DARIA GAMLIEL for Cinetalk.net
Triangle (2009) is an example of what the ‘twist’ genre should emulate. It is seamless. All loose ends are tied up by the final scene. The lead character, Jess (Melissa George) is understated but well played. The audience can’t anticipate the twists because many are constructed by camera angles, specific dialogue and what may at first seem unimportant. Watching Triangle a second time may cause a-ha! moments when we see these storytelling mechanisms as foreshadowing. Every shot that may have felt odd is explained either visually or through slowly unraveling plot elements.
Loosely linked to the mythological tale of Sisyphus, the theme here is one we’ve seen a million times. Humans will never be able to cheat death. The difference between the million other films tackling this idea, and writer-director Christopher Smith’s Triangle, is that the latter is tight. There are almost no filler scenes. Every shot; every piece of dialogue, every hesitation, every flashback has its place. Even Jess’s annoying cohort’s snarky quips about Jess being a troublemaker (okay, female dog, really), are pertinent. This makes the theme more relatable, as it unfolds carefully and pointedly. There’s no outlandish hair and makeup or wardrobe, no flashy sets. Everyone looks like average people on an average yacht, thrown rather suddenly into a science-fiction string of events and scenery. This unexpected change of mood only lasts a moment, and then the viewer is brought back to a relatable day at sea without goblins, ghoulies or unexplainable explosive weather.
Triangle is in fact the name of a sailboat that leads Jess and her co-passengers into a creepy deja-vu of repeated violent events. Triangle‘s skipper tells Jess “You can’t be everywhere all the time.” The comment is rather cheeky once the we realize it foreshadows the very notion of Jess being, well – everywhere at once. Is it the past? The future? Has Jess stepped into a warped time-space continuum? One might say that it’s all of the above. Jess, meet Jess. And the Jesses face off, multiple times with slight variations. There are hints of Maya Deren in the repetitive camera views, certain close-ups on Jess’s hands, and her interaction with décor or props. Triangle is not an oneiric film but definitely shares such elements. Certain scenes are quite dreamlike, and may remind audiences of Deren’s Meshes of the Afternoon, or At Land. Like Meshes, Triangle uses mirrors (often segmented or broken) to hint at the fragmentation and reflection of time and the Self. Jess is losing it. Or is she? She sometimes stares at herself in the mirrors. Other times she is oblivious, and only the viewer notices how her form glides through the reflective surfaces. The character is both aware and unaware of her existence and the predicament she is in. She is both here and there, and everywhere and nowhere.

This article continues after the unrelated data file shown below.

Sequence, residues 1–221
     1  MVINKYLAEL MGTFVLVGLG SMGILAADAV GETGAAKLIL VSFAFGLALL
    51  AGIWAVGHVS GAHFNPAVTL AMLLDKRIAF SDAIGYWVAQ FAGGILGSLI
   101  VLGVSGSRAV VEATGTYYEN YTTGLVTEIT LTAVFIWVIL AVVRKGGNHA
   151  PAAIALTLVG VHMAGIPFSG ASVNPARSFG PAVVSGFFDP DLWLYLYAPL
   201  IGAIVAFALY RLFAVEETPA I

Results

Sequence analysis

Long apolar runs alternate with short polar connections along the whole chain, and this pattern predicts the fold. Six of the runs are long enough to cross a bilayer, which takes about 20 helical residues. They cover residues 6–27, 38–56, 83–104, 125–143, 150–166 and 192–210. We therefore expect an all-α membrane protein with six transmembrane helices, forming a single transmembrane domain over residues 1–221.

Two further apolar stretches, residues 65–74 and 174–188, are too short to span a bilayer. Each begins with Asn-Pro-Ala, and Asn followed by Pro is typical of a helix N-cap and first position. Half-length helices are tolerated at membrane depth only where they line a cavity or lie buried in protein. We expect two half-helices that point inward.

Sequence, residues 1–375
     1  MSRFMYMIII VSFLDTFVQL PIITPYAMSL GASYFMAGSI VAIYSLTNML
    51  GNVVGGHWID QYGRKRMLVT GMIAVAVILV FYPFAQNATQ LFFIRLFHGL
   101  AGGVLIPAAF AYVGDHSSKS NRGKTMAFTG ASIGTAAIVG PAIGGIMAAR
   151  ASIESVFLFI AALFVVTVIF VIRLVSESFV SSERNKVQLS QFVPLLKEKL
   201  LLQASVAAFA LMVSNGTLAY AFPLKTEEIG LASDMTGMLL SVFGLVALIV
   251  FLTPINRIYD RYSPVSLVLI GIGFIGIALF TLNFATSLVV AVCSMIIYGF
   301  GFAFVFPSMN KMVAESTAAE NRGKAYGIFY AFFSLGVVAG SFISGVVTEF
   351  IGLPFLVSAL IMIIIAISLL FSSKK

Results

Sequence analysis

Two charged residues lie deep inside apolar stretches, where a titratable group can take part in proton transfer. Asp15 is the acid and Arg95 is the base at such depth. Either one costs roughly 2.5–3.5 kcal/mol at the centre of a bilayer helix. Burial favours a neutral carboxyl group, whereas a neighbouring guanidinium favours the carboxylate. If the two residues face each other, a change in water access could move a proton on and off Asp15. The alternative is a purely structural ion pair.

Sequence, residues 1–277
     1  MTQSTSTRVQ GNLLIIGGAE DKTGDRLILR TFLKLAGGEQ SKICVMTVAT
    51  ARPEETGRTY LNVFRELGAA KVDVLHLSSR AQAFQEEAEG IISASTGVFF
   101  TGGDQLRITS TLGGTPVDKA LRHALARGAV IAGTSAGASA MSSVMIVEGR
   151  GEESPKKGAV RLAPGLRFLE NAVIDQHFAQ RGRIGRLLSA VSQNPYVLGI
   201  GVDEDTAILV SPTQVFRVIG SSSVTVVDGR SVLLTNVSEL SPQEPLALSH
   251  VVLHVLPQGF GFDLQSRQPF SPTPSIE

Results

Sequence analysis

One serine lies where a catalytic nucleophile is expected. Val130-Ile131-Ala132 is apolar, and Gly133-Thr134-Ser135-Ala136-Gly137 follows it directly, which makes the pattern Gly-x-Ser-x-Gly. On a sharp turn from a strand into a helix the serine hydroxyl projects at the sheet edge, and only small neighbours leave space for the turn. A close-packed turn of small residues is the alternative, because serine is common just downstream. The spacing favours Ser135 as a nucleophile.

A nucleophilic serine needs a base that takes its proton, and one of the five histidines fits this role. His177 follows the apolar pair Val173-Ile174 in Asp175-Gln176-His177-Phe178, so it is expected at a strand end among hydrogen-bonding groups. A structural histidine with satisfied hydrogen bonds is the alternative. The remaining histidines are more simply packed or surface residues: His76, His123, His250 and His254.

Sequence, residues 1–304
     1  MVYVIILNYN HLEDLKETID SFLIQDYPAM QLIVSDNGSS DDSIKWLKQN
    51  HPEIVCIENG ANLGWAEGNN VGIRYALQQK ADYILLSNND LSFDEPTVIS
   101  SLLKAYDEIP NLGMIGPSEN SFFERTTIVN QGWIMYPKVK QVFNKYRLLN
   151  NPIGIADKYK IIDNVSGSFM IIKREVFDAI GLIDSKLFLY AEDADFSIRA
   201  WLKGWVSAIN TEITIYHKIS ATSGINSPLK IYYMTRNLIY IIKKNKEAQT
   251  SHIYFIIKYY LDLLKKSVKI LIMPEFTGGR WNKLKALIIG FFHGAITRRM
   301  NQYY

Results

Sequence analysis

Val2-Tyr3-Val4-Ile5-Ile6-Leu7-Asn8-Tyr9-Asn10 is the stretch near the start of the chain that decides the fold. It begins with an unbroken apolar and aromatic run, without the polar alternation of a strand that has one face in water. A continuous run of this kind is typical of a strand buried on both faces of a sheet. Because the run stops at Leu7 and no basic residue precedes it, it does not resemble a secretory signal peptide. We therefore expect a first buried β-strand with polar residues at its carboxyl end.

One could analyze Triangle as a study about the paranoia of motherhood and relationships. Or we could take it at face value as psychological thriller about clones attacking themselves in some alternate reality. In this way, Christopher Smith’s oeuvre may remind some viewers of Stanley Kubrick’s The Shining (1980). Jack Nicholson loses himself to a creepy hotel which causes him a paranoid crisis. Or was he unstable to begin with? Nicholson is to Jess what The Shining‘s hotel is to Triangle‘s Aeolus (the vessel that rescues Triangle‘s passengers). There are eerily similar scenes in both films. Triangle‘s characters walk into empty ship cabins looking for clues, just as Nicholson wanders into clue-giving hotel rooms. There is even a brilliant nod to Kubrick’s ballroom sequence, where Jess observes obscenely rotten food at the Aeolus’s ballroom buffet table.
To look at Smith’s creation without noting its deeper storyline would cheat the director of deserved praise. Due to the ‘twist’ nature of Triangle, it is difficult to critique or describe it fully without giving spoilers. Let’s just say that there is something more than comparisons to other films, or psychological profiling of the central character. These are the surface plot elements, but those that are more meaningful are worth discovering by watching the film. In a sense, Triangle is not what it may seem if only based on this review. It comes full circle by raising a more dubious question. Is the Aolus an evil ship that kidnaps innocent people, or is it the entity that controls Jess’s entire world?
In one of the final scenes, the camera pans across a high school marching band. The logo on the drum skin reads AO. That is a hint. To elaborate, especially about humans trying to cheat death, would ruin the entire viewing experience of a completely underrated piece of Cinema.
(Please note, Cinetalk.net did not include a link to the Official Trailer because it gives away too much about the plot twists)